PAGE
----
The Patent Portfolio Theory: How Aggregation and Synergy Increase Patent Portfolio Valuation

By Kalu Kalu

The Patent Portfolio Theory, coined by Parchomovsky & Wagner of University of Pennsylvania Law School, attempts to reconcile what is known as the “Patent Paradox”; the recent phenomenon of rising patent applications, even as the expected value of each patent decreases. The patent portfolio theory resolves this paradox by arguing that the “whole is greater than the sum of its parts.” When making cost benefit analysis, firms that patent aggressively, like Qualcommn & Samsung, understand that “…the true value of patents lies not in their individual worth, but in their aggregation into a collection of related patents–a patent portfolio.”[1]

Patent Portfolios: Why is the whole greater than the sum of its parts?

Parchomovsky & Wagner claim the key advantages of patent portfolios over individual patents are scale and diversity. In regards to scale, a large body of closely related, yet distinct, patents acts as a “super-patent,” conveying rights of exclusion broader than the aggregate of individual patents would convey. Increasing the scale of a patent portfolio has advantages which are “more than merely additive” such as: easing in-house innovation, attracting related external innovations, avoiding costly litigation, improving bargaining position, enhancing efforts to attract capital, and increasing the firm’s political voice. Alternatively, similar to stock options, a diverse patent portfolio allows firms to hedge against the uncertainties regarding a product, future market conditions, future competitors, and possible changes in the Patent Law.

Crafting Patent Portfolios is a Sophisticated Task

The goals of diversity and scale, however, are in tension.  Increasing the scale of patents without the goal of diversity in mind would result in an abundance of closely related patents without broad coverage. On the other hand, a “maximally diverse patent portfolio” would not see the synergistic benefits from scale, because gaps in subject matter would provide a “swiss cheese effect” in coverage. That is why Parchomovsky & Wagner observed that:

…the tension between scale and diversity–suggests that effective patent portfolios will be carefully crafted affairs, where patenting decisions are made in light of these twin goals. This in turn suggests that patent portfolio construction is unquestionably a skill-oriented task, one that some firms will perform better (and perhaps far better) than others. Indeed, the dramatic benefits of well-constructed patent portfolios mean that there is almost certainly a market value in such activities, a fact which is borne out by the recent emergence of firms dedicated to patent portfolio construction.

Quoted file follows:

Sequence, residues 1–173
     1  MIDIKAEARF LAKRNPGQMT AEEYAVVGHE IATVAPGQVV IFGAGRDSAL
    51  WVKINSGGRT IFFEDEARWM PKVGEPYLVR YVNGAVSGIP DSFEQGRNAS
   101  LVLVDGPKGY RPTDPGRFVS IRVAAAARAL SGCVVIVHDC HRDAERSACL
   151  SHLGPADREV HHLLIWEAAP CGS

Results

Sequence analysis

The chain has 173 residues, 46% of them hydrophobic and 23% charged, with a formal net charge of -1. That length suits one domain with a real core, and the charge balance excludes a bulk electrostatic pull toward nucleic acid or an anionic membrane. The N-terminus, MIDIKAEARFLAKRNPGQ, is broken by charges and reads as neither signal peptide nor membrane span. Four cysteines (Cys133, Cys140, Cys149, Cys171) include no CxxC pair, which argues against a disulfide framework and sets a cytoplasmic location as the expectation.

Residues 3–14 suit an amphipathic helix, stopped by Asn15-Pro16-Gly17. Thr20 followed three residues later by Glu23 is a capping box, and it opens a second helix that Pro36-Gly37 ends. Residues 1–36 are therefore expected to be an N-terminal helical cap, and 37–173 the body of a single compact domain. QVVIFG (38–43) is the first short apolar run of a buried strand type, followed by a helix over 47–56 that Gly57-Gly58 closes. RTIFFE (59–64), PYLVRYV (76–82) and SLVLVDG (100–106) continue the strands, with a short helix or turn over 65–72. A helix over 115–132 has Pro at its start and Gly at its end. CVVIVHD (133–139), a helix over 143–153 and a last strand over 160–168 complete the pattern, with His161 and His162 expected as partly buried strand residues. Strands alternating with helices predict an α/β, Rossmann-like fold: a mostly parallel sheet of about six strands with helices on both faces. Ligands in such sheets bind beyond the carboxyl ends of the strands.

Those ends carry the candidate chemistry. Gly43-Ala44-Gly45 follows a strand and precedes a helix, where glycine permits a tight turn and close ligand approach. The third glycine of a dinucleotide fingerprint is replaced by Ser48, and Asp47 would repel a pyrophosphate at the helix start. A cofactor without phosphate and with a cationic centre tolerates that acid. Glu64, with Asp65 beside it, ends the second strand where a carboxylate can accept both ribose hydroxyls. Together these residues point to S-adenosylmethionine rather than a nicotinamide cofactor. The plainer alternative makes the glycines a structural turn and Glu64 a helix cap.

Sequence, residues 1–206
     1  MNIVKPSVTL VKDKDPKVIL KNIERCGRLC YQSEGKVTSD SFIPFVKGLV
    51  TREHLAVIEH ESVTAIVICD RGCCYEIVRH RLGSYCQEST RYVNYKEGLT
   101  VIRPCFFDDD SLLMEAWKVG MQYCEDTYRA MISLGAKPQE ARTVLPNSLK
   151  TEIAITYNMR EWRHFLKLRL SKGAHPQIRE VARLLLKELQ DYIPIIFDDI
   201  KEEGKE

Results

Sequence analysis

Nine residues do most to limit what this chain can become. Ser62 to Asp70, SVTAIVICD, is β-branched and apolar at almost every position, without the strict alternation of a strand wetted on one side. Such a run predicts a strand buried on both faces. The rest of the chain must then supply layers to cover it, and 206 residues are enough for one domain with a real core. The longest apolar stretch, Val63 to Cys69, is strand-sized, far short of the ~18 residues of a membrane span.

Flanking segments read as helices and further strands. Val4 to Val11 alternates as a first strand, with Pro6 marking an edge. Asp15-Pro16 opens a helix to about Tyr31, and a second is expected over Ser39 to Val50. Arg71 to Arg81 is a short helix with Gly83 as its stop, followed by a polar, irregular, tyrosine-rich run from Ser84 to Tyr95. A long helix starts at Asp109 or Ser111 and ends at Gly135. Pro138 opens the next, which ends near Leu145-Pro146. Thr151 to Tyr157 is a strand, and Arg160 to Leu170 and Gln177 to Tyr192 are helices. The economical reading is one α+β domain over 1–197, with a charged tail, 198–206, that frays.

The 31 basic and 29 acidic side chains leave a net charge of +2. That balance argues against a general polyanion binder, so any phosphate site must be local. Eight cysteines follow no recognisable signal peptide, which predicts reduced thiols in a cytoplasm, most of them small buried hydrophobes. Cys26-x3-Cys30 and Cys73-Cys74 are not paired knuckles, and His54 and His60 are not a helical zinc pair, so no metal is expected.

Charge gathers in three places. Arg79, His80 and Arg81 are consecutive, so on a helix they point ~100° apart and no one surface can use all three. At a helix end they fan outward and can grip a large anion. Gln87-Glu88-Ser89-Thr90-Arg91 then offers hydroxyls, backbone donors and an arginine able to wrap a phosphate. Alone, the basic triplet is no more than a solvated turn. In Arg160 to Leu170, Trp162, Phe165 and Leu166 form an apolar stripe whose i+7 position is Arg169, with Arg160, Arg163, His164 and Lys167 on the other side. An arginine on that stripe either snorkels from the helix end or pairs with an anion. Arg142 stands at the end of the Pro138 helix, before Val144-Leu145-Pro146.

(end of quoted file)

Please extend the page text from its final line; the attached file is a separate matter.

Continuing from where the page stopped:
Intellectual Ventures (IV) is a prime example of how one can benefit from a well-constructed patent portfolio. IV’s patent portfolio of over 30,000 patents has generated the company over 1 billion dollars through individual licensing and equity investment deals well over $100 million each with companies like Verizon, Intuit and Cisco. [2]

What Patent Portfolio Theory Means for Companies

Patent Portfolio Theory gives companies the most promising answer to the Patent Paradox. Rather than the belief that patent monetization is primarily based on luck (e.g. the “Lottery Theory”), the Patent Portfolio theory showcases how companies can control the destiny and value of their patent portfolios. The Patent Portfolio theory suggests that many roadblocks to successful patent portfolios can be avoided through patent due diligence and landscape analysis.

A well-executed patent landscape evaluation can identify potential barriers such as the “concentration of patent thickets, pertinent known and unknown distribution of patent ownership which could stymie licensing negotiations…, pending and issued patents on similar inventions… and repeated citation by others of potential unlicensed competitor patents as signs of their licensing potential.[3]” In the patent environment where one firm may have tens of thousands of patents, hundreds of competitors, and thousands of ever changing products, due diligence in creating a patent portfolios can be immensely difficult. That is why firms are now seeking the winning edge of specialized patent consulting.

[1] Gideon Parchomovsky & R. Polk Wagner, Patent Portfolios, 154 U. Pa. L. Rev. 1, 41 (2005)

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